IEC 62118 pdf download.Nuclear reactor instrumentation – Pressurized water reactor (PWR) of VVER design – Monitoring adequate cooling within the core during shutdown
1 Scope and object
This International Standard applies to pressurized water reactors (PWRs) of VVER design with configurations similar to those shown in figures 1 and 2, and presents the requirements for monitoring adequate cooling within the core during hot and cold shutdown conditions. Annex B provides more information on VVER operating states. Good international practices to be used when designing new or upgrading existing core cooling monitors for VVER systems are summarized in this standard. This standard does not consider the design details of the different VVER technological systems designs, except to the extent that the design affects the monitoring of core cooling. Requirements are given for core cooling monitoring instrumentation to ensure the safe operation of VVERs during abnormal operation and during and after design basis accidents (DBA). Requirements for core cooling monitoring during conditions beyond a DBA, which could be a specific national requirement or consideration, are not covered here. The core cooling monitoring instrumentation has to function under widely different conditions. The circumstances under which this instrumentation needs to function are described. Descriptions of diverse measuring principles and suitable devices are given along with requirements for the following: • operational conditions; • installation; • operator displays; • testing, calibration and maintenance; • equipment qualification; • documentation; • redundancy.
3 Definitions and abbreviations
For the purpose of this International Standard, the following definitions apply. For terms defined elsewhere, the source is given in square brackets. 3.1 ALARA as low as reasonably achievable 3.2 coolant water and/or steam for heat removal from the core 3.3 DBA design basis accident 3.4 diversity the existence of redundant components or systems to perform an identified function, where such components or systems collectively incorporate one or more different attributes [IAEA 50-SG-D8] 3.5 downcomer annular volume between reactor vessel wall and internals that directs coolant flow to the bottom of the core 3.6 ECCS emergency core cooling system 3.7 LOCA loss of coolant accident 3.8 monitoring means provided to indicate continuously the state or condition of a system, sub-system, equipment or assembly [IEV 393-08-48] 3.9 PAMS post-accident monitoring system 3.1 0 pressurized water reactor (PWR) a nuclear steam supply system in which the pressurized coolant is heated by the reactor core, and process steam is generated in the steam generator by heat transfer from the coolant 3.1 1 reactor containment the structure that encloses the reactor coolant system and parts of specific associated systems, including the pressure containment structures that enclose individual components in some nuclear power plant designs 3.1 2 RCS reactor coolant system 3.1 3 reactor pressure vessel (RPV) the vessel which contains the reactor core 3.1 4 RPS reactor protection system 3.1 5 reduced inventory condition an intentional condition that exists during specific maintenance operations whenever water level in the RPV is lower than the top of the RPV hot leg piping nozzle elevation, plus an allowance for water level measurement uncertainty 3.1 6 redundancy provision of alternative (identical or diverse) elements or systems, so that any one can perform the required function regardless of the state of operation or failure of any other [IAEA 50-SG-D8]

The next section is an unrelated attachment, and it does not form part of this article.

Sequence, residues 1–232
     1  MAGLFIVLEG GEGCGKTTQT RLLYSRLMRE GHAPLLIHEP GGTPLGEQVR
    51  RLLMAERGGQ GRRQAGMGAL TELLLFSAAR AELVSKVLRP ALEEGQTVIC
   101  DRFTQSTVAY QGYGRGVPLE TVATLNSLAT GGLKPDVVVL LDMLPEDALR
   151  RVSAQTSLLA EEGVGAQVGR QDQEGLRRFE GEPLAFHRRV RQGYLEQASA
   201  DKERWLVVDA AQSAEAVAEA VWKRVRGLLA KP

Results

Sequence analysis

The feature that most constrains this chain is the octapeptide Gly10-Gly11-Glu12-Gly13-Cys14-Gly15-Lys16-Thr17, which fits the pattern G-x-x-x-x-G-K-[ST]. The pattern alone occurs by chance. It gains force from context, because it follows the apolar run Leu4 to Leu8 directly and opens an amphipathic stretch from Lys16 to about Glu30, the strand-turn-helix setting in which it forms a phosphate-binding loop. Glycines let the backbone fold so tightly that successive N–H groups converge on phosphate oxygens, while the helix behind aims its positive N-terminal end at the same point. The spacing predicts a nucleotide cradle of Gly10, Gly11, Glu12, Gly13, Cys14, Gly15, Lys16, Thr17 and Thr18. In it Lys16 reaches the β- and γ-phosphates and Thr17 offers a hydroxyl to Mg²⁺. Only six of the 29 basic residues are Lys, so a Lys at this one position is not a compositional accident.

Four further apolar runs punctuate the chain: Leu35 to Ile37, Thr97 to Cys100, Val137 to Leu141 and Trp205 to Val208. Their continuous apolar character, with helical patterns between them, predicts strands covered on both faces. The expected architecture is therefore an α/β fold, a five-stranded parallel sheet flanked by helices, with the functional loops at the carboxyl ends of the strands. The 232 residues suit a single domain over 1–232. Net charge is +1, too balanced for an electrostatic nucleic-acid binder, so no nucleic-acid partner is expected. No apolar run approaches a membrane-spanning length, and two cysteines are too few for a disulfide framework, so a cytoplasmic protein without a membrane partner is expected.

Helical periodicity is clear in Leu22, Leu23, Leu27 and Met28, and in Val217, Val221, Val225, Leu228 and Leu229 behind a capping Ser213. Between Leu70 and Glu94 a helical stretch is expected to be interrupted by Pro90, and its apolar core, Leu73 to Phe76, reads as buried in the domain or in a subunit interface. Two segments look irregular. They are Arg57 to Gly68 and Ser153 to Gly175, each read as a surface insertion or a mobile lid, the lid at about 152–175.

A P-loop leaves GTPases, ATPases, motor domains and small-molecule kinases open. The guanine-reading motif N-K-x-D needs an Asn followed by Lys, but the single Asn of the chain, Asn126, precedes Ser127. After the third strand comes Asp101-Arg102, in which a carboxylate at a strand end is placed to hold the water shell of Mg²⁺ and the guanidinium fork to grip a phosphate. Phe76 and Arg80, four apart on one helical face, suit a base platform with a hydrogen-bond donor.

4 Operating conditions
4.1 General The need for adequate core cooling exists for all plant operating modes and states, including normal power operation, operational transients, abnormal conditions and hot and cold shutdown operations. Annex B contains definitions of the various operating modes and plant operating states applied in VVERs. Adequate core cooling is confirmed by measurements of coolant circulation through the RPV at an appropriate temperature, pressure and flow to remove heat from the core. This standard covers instrumentation considerations for monitoring core cooling in PWRs of VVER design with configurations similar those shown on figures 1 and 2. These configurations are similar relative to core cooling monitoring requirements except for the following differences: • Figure 1 (VVER-440): Loop isolation valves allow loops to be isolated from the reactor for maintenance. Core residual heat (VVER-440 first generation) is removed by natural circulation to the steam generators during shutdown operations after the rundown of the pumps in the reactor coolant system. The steam generators are cooled by the secondary auxiliary RHRS. NOTE Some VVER-440 designs (second generation or after modernization) have primary RHRSs similar to VVER-1 000 designs.